Life Around Here

DSCF0515 (rev 0)There are confessions thoughts circling in my head today. Since this blog is about what’s going on in my head knitting, I thought I’d share these things with you.

I am married to the world’s best husband. Surely. Here is a glimpse of what he has heard from me this year:

January: “What would you think about me starting a new business – opening a yarn store here in St. Louis?” (“Interesting. I think you’d be good at it. Why don’t you start researching it and praying about it?”)

February: “What would you think about me doing an online store instead? Specializing in sock yarns, patterns, and cool accessories?” (“Interesting. Do you think there are enough sock knitters in the world to support that?”)

March: “Can we invest $xx,xxx in my new business?” (“Interesting. If you have your Business Plan written up and that’s the investment that you have come up with, then yes, we can do that.”) Actually, he may have gulped in there somewhere, too.

April: “I’m calling it The Loopy Ewe.” (“Interesting. Loopy, huh?”)

May: “I really would like for you to go to the Needle Arts market with me in Indianapolis in June to get a feel for this new business. What do you think? Just this once, will you come traipse around a huge exhibit hall of vendors selling all things needle-y come with me?” (“Interesting. Sure, I’ll go along this first year.”)

June: “Wow – isn’t it amazing how many people are into knitting and how many wonderful yarn options are out there? Aren’t you glad that you came to this Market with me? Isn’t this fun?” (“Interesting.”)

July: “Umm – clean jeans? There really aren’t any clean may be some in the dryer. Maybe.” (“Interesting. Ok, I’ll throw a load in the washing machine.”) “Um – dinner? I, uh, was planning that we’d order pizza or something. Sound good?” (“Interesting. I’ll call it in.”)

August: “Hey, my professional photographer husband – we just got a bunch of new yarn in that we need photos of – do you have time after working your full-time job today and coming home beat to take some photos tonight?” (“Interesting. Yep, let’s set it up.”) “Hey Honey – do you mind running by the grocery store on your way home from work to pick up milk and bread? I have a few more things that I need to do for Loopy.” (“Interesting. No problem.”) “Oh my gosh – can you believe I’m getting orders from east to west, and as far away as Canada and New Zealand? It’s so exciting to finally have all of this come together after so many months and months of planning!!” (“Interesting! I’m so proud of you.”)

September/October/November/December: Sheri finds balance in life again learns how to make things look like they are running smoother. Did you know that if you put a bunch of jeans in the dryer at 5:50 (they don’t have to be clean – just throw the ones in there from the overflowing laundry basket) that it will SOUND like you have been productively doing laundry all day long instead of knitting when your spouse walks in the door at 6 pm? And if you throw some dryer sheets in there, it will also smell like you have been doing laundry. Did you know that if you buy a frozen lasagne at the grocery store, you can slide it into your own pan while it’s still frozen and it will bake itself right into shape and look like it’s homemade? Did you know that if you swipe a few tables with lemon-scented Pledge it will smell like you have been cleaning the house? (In a pinch, just pour Lysol in the sink for a few minutes – same effect.) Did you know that if you are walking around the house in a hurry with a load of sheets (just take the clean ones out of the linen closet – same effect) when your husband/kids arrive home, that it will look like you have everything efficiently under control and no one will ever know that you spent a good portion of the day knitting?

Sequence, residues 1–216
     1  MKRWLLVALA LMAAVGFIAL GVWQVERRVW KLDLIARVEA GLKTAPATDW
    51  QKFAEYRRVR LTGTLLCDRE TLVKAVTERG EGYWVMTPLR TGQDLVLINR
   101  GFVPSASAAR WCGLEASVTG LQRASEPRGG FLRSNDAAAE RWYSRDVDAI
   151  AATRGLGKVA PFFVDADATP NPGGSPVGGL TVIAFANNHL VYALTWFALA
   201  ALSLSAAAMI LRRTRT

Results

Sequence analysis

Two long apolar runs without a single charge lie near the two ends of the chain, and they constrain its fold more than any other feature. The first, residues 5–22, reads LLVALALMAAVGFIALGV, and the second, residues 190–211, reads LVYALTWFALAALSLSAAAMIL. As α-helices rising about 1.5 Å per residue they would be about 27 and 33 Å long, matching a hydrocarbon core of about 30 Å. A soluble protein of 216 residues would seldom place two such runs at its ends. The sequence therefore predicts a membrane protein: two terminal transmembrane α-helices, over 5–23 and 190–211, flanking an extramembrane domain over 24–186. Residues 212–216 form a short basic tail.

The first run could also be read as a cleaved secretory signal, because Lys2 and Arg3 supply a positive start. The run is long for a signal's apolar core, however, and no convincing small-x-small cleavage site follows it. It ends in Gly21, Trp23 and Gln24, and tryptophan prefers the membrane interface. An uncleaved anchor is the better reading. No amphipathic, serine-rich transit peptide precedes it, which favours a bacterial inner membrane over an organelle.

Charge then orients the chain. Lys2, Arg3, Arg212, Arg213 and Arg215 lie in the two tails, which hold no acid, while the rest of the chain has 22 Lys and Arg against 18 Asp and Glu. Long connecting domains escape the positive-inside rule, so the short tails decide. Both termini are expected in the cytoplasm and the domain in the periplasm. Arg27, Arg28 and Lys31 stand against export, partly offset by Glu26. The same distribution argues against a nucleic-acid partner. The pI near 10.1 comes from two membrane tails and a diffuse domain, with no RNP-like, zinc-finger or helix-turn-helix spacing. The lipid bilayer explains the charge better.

Sheri Paulreallydoesn’tsay”interesting”likethat
nordoeshefallformytricksofthehousehold(althoughheinventedafewofhisown)
butheISthebest

Sheri’s Top Ten Dumb Knitting Mistakes

Today’s post is going to make you feel really smart about your knitting skills. You will read through this list and say, “I can’t believe she didn’t know better than that.” over and over. It’s always nice to start Mondays out by feeling good about yourself. So here are my top ten dumb knitting mistakes. I should probably do a new “dumb mistakes” list every year, but there comes a point where you want to stop admitting them.

1. I cast on 20 stitches for my first scarf and it looked so wimpy and narrow. I kept casting more and more stitches on until it looked “wide enough”. No one told me it would grow wider looking as it grew taller. It ended up being WAY too wide. The scarf ended up being a shawl. Sort of.

2. On my second scarf – I repeated the whole process because I didn’t learn the lesson with my first scarf. (The conversation in my brain probably went like this: “Hmmm. 20 stitches. Looks too narrow. Must add more.” to which my other self replied, “Oh, but remember your first scarf? You know it will grow bigger as you knit it. Stop now and back away from the needles.” My smarter first self replied, “It’s just too narrow. I know best. I’m adding 20 more stitches in there.” ) The scarf ended up being frogged.

3. Started with the right amount of stitches on my third scarf (see, I learned), but still accidently added in too many stitches as I knit along on it. None of the directions for the scarf said M1, but I did it anyway. The scarf ended up being frogged.

4. When I graduated from garter stitch scarves and decided to make my first bag, I kept forgetting if I was on a knit row or a purl row, so I had to put a rubber band on one of my needles as a guide. If the knitting was on that needle, then I was on a knit side. If the knitting was on the other needle, I was on a purl side. (Yes – I have since learned to identify a knit row and a purl row. I don’t know what my problem was with that bag.)

5. Under-felted my next bag and sewed the suede bottom on it anyway because I didn’t really think it would matter. I then had to unattach the suede bottom and re-felt it when I realized that my knitting needles (it was a knitting project bag) kept poking through the side. Apparently the degree of felting really does matter.

6. Worked on my next bag with circular needles – my first time with that. It said stockinette stitch, and of course I knew that meant knit a row, purl a row. After a few rows, I realized it was looking weird. I couldn’t figure out why. Then I found out that when knitting on circulars, you just keep knitting all rows for stockinette stitch.